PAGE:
The basic, universal point is that if parents are not inculcating religion they are not parenting and if a family is irreligious, it is not properly a family, only analogously so. Just as Richard Baxter said a commonwealth is only rightly so called if it is oriented to true religion, and that those built on false religion or irreligion, insofar as the latter exists, are only analogously participatory in the essence of commonwealth.
And so, Fustel’s documentation combined with history and tradition of our own country combined with true religion of Christianity equals a proper family in every way, one serviceable to the nation because it is rightly ordered internally. That the family is the foundational socio-political unit, a precursor to and microcosm of, larger units is a basic Aristotelian insight that needs no explication here. (Interaction and interrelation between the little commonwealth and the large commonwealth, or the little church and the larger church, is a separate and later question.)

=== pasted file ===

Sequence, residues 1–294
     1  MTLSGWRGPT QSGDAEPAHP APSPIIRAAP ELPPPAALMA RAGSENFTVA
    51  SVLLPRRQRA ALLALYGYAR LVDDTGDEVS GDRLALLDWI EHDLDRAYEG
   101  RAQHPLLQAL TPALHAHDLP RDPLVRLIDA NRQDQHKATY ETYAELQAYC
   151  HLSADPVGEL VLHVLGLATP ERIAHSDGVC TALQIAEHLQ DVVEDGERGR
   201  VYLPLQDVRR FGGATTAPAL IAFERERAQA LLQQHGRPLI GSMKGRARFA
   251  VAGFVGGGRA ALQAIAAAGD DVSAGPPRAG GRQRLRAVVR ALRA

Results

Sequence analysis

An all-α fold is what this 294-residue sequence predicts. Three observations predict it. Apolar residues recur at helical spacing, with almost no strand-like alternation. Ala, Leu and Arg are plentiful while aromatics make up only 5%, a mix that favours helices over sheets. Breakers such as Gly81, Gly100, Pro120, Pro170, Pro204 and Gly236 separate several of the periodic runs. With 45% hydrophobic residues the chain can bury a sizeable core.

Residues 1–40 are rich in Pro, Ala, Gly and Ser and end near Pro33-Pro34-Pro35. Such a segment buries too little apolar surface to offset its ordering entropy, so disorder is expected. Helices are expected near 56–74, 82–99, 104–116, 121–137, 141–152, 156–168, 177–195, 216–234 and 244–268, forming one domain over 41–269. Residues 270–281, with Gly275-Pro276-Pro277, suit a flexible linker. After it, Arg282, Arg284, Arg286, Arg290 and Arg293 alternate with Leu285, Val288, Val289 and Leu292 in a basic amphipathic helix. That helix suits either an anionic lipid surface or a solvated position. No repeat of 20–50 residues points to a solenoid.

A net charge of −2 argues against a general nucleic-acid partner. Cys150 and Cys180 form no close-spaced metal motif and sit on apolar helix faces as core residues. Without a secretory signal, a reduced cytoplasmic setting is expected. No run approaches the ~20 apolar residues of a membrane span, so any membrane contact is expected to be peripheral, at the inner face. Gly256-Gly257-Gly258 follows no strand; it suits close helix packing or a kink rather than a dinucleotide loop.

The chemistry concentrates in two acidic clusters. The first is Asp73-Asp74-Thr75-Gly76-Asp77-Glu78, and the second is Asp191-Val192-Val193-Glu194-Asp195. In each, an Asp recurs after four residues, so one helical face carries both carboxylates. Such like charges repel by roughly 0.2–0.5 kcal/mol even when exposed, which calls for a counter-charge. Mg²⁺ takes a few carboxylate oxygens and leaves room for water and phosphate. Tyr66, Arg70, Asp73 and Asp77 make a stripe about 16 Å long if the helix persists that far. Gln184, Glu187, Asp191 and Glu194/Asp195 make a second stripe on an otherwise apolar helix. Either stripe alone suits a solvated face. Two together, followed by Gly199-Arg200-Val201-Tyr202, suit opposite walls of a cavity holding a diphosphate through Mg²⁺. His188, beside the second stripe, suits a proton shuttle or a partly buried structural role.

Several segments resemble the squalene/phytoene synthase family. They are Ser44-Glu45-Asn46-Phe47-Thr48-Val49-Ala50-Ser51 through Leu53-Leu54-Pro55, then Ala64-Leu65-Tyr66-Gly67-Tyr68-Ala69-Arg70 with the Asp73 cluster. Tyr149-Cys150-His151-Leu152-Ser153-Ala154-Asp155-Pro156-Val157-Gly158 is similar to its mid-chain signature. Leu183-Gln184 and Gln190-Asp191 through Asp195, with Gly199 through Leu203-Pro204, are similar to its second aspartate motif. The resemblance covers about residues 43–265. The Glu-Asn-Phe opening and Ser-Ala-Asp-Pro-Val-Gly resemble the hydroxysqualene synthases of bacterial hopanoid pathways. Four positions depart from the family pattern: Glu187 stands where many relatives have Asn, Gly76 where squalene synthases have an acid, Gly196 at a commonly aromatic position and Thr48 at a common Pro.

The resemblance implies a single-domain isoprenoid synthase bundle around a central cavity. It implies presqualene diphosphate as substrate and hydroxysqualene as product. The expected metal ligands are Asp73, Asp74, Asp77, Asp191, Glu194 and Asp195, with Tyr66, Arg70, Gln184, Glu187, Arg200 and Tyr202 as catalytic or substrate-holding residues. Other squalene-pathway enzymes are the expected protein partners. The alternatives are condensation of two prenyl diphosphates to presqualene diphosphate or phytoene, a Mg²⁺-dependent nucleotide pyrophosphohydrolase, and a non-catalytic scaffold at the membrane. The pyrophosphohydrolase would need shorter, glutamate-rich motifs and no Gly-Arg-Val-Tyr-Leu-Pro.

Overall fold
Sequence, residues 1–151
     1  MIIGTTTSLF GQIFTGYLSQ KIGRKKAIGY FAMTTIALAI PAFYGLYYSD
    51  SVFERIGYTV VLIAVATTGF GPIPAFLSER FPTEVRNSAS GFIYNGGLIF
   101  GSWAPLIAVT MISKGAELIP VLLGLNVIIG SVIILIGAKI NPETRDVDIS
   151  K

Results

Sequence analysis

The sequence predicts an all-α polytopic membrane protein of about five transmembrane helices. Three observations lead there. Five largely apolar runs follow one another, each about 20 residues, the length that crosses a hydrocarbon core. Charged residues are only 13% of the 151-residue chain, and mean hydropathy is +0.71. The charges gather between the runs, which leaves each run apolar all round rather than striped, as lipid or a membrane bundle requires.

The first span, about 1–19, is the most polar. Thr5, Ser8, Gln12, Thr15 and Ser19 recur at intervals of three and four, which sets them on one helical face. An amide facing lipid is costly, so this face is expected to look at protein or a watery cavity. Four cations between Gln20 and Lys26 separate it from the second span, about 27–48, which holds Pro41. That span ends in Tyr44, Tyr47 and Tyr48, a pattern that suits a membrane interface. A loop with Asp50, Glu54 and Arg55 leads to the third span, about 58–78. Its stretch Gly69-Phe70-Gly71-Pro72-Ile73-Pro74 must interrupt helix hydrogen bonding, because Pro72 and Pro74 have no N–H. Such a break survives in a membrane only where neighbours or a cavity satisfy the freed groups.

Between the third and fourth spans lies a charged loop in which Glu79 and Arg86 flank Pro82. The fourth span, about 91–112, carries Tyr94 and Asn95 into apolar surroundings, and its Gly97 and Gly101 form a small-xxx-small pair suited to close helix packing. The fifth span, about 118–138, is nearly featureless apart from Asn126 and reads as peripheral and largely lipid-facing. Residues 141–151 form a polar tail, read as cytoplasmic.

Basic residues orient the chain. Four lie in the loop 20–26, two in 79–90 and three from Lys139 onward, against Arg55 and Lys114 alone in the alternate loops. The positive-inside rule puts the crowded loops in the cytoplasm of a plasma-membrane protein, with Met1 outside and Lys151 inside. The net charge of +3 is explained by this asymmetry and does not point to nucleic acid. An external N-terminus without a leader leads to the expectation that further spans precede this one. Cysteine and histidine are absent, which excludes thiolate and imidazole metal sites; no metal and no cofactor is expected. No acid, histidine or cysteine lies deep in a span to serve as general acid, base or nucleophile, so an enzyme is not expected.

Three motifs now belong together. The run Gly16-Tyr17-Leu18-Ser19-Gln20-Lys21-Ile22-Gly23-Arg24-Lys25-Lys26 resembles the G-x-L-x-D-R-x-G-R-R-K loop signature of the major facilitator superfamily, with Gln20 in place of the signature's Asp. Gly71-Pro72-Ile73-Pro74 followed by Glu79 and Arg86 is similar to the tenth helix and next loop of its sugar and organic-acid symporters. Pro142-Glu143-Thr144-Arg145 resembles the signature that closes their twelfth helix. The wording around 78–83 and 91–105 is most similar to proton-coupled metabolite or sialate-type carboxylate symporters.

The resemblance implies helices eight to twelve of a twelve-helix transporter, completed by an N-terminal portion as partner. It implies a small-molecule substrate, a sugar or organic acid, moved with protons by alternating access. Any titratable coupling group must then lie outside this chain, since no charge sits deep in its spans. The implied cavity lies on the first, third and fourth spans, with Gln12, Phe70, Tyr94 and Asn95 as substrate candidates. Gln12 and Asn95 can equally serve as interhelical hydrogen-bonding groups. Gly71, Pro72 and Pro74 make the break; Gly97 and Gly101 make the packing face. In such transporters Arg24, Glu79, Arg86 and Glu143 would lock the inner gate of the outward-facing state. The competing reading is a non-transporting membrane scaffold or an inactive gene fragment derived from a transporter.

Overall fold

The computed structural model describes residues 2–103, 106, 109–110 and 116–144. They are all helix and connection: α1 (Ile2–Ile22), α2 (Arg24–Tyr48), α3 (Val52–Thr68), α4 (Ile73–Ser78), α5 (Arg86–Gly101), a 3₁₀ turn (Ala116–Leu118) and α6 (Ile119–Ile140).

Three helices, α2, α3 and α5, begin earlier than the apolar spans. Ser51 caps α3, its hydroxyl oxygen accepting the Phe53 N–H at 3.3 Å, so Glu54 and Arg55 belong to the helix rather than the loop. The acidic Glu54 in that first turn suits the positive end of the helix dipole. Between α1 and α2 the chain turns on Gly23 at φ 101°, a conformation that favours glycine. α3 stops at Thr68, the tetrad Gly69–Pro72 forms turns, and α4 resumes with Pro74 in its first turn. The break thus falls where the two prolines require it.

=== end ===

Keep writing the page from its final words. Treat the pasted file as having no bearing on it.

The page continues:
I did not suggest in my piece that the question of which religion was irrelevant, only that to deny Bates (the Oregon mom) her pedagogical duty was to deny her true parenthood. The two go together. The regime knows this. That’s why they’re doing it. It’s a very forward looking, shrewd sorting strategy too. But I won’t say anything of any replacement theories, of course. That would be crazy. What I will say, as alluded to already, is that the slope is, indeed, slippery. That’s how these things work. If the Oregon DHS policy is not defeated now, and on the basis of what I’m laying out as the proper family, it will soon—sooner than most expect—apply to the natural as well as the adoptive family. Note too that the fact that Bates is, in her case, only attempting to foster and not necessarily adopt, is irrelevant. The same DHS application applies to both scenarios; the same standard is applied to either case. For all intents and purposes, then, we are talking about adoption.